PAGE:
But the CSWG  critique was unrelenting, with members underscoring each other’s points and emphasizing the following:

  • BIPOC people have little reason to trust the police.
  • The police engage members of the BIPOC community in hostile and harassing ways and there is little trust between the police and BIPOC people in Amherst.  
  • There is a well-established history for the above, and the research of 7GMC only confirms this.
  • Repeated requests for testimony to confirm police harassment and disrespect further traumatizes and triggers members of the BIPOC community.
  • While these complaints have been ubiquitous for generations in Amherst, nothing changes.
  • CSWG and 7Gen did a lot of work to illuminate the conditions of policing in Amherst and the needs of BIPOC people.
  • CSWG did not receive the guidance and support it needed to effectively participate in the budget process.
  • Budgeting reflects a community’s priorities. There is money for all kinds of things in town, but those deemed important by the BIPOC community are not considered important enough to fund.
  • There is little commitment in Amherst to dismantle racism and white supremacy.

    Co-chair Elisha Walker said that she was frustrated and disappointed with the overall Town response to CSWG’s work and that she found the responses (or lack thereof) of the  Town Manager, Town Council, and Police Chief,  as well as the specifics of the budget, to be disrespectful to the members of CSWG and the hard work that they have done, and to BIPOC people in general. She said that she struggled to find the words to adequately convey how she was feeling.  Each member prefaced their remarks with similar sentiments and spoke with evident emotion.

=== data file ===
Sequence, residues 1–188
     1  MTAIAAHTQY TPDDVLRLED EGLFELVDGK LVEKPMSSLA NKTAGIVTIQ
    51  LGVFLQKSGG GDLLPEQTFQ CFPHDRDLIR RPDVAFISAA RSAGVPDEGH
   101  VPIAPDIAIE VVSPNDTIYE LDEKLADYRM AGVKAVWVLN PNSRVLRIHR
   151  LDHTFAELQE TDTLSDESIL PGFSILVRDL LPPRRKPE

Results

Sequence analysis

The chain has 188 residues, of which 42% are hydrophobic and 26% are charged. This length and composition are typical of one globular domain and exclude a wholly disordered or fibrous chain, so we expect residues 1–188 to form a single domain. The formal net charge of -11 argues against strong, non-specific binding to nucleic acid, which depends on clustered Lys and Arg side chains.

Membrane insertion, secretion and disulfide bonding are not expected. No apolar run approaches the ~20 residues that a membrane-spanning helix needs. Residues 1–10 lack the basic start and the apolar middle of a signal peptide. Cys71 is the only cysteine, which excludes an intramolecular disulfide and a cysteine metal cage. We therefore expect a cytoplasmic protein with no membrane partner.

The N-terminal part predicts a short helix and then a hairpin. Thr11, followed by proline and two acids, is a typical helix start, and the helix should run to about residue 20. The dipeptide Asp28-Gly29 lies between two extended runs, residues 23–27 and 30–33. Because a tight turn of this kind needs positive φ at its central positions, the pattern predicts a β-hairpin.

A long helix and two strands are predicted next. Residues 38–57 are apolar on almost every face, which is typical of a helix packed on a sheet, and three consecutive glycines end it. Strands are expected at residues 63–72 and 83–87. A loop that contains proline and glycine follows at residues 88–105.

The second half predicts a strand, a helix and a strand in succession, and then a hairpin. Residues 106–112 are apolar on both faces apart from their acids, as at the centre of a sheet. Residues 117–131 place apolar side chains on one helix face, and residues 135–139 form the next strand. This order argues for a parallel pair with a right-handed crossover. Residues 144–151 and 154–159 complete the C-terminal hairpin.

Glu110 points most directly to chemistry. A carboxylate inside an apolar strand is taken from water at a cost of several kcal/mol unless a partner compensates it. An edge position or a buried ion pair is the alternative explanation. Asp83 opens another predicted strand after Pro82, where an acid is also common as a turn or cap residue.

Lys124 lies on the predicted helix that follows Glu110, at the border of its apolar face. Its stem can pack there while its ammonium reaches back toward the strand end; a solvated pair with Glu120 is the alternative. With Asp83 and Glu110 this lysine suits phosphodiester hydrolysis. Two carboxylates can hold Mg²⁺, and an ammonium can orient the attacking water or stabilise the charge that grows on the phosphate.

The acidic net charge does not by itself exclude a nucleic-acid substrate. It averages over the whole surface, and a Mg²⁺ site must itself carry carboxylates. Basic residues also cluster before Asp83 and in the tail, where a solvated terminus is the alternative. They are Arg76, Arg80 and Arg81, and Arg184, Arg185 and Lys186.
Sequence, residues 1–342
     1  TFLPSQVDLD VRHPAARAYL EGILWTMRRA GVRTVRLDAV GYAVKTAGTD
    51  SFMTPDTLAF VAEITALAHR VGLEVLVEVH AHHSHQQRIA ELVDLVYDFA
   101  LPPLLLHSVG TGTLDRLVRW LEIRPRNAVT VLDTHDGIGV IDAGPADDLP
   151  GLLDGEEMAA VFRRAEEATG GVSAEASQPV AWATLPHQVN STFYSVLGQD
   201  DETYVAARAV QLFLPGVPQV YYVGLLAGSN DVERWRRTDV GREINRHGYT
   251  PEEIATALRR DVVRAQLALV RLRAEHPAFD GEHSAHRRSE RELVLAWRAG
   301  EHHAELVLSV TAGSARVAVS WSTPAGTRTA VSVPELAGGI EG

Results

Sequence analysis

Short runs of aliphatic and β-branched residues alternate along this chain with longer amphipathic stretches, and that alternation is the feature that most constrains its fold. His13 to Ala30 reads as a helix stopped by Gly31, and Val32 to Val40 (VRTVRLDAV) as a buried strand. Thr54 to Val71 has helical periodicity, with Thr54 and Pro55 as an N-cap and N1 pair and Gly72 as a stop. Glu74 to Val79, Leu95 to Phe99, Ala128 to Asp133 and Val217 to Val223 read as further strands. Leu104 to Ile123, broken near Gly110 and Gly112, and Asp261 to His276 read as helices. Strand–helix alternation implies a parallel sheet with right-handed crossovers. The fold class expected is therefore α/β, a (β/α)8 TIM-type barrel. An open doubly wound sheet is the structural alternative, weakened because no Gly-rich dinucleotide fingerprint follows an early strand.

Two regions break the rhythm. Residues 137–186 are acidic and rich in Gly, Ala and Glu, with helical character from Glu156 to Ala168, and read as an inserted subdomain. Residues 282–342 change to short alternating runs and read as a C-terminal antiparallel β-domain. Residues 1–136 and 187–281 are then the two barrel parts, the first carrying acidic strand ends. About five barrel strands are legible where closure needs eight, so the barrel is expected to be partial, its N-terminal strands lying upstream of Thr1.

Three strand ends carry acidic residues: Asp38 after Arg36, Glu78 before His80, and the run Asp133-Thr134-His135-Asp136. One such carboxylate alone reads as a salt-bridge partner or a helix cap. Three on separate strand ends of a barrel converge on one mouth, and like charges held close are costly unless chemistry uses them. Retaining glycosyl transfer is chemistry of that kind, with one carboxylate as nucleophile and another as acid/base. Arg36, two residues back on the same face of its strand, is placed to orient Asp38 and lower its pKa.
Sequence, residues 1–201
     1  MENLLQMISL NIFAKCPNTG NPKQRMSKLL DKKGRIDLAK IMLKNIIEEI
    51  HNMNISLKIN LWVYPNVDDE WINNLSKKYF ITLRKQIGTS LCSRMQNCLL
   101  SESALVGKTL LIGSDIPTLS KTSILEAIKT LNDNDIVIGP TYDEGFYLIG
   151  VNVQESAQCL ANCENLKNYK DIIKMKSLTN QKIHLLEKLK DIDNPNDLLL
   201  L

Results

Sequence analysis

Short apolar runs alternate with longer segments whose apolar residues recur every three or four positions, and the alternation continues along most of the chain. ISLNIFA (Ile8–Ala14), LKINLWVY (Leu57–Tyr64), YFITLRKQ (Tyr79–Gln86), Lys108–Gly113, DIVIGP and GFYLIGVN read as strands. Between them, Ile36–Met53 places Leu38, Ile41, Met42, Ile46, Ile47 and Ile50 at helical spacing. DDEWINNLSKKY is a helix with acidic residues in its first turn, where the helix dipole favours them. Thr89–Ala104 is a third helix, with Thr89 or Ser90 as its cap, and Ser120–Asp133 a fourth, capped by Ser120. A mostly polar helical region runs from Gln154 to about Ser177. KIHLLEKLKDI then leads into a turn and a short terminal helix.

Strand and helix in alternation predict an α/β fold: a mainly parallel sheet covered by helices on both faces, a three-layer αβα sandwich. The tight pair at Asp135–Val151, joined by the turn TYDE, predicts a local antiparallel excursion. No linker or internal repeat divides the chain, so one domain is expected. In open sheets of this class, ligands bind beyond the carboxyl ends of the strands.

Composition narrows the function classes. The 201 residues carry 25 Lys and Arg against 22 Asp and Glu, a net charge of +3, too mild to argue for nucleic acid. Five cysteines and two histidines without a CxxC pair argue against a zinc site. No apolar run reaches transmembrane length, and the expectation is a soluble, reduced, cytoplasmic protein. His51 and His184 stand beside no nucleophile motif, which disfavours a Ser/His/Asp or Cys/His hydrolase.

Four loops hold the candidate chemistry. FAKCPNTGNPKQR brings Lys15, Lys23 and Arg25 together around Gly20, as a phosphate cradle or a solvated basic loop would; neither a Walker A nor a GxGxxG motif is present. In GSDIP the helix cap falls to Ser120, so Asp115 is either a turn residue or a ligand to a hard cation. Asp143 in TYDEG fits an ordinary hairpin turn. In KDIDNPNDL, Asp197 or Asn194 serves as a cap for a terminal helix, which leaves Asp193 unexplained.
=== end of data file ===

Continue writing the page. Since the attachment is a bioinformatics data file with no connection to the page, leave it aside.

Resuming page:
You Need To Pay Attention To The History That Already Exists
Prior to the budget discussion, CSWG engaged in a continuation of a question and answer session that began on 4/28, with Livingstone, Ting and Young, centered on practices and policies of the Amherst Police Department (APD).  A summary of some of those questions and answers can be found in the packet for the May 5 CSWG meeting.

CSWG members shared information and personal stories about  the ways that police in Amherst are hostile to or discriminate against BIPOC people, referring to a wealth of data collected by the consultants, as well as ongoing national concerns about police misconduct. They noted that APD is planning more listening sessions and anti-bias training, but said that neither of these seem to have changed the behavior of the police over the years.  

Tashina Bowman was blunt, saying, “We hear the same stories again and again, but nothing changes. The Town needs to listen to what the community is telling us.” 

” I don’t understand how someone who has been on the force longer than I have been alive can’t be aware of how common this is.” 

Elisha Walker

Walker added,  “I’ve lived in Amherst my entire life — I’m 27 — and I have seen and experienced harassment and discrimination from the APD my entire life.”  Addressing Chief Livingstone, she said, ” I don’t understand how someone who has been on the force longer than I have been alive can’t be aware of how common this is.” 

Walker also said that repeating their experiences retraumatised residents and doesn’t seem to result in new awareness on the part of the police.  “We don’t need to keep bringing people together to tell their stories again. It’s re-traumatizing. It’s unnecessary, if you’re paying attention. It causes harm. People fear retribution. You need to pay attention to the history that already exists.”

Russ Vernon-Jones echoed this, noting that “these complaints we are hearing are not atypical.  They’re the kinds of complaints we’ve been hearing from people around town for years.”  He suggested that failure to address them is indicative of the dominance of White supremacist priorities in Amherst.

Funding And Leadership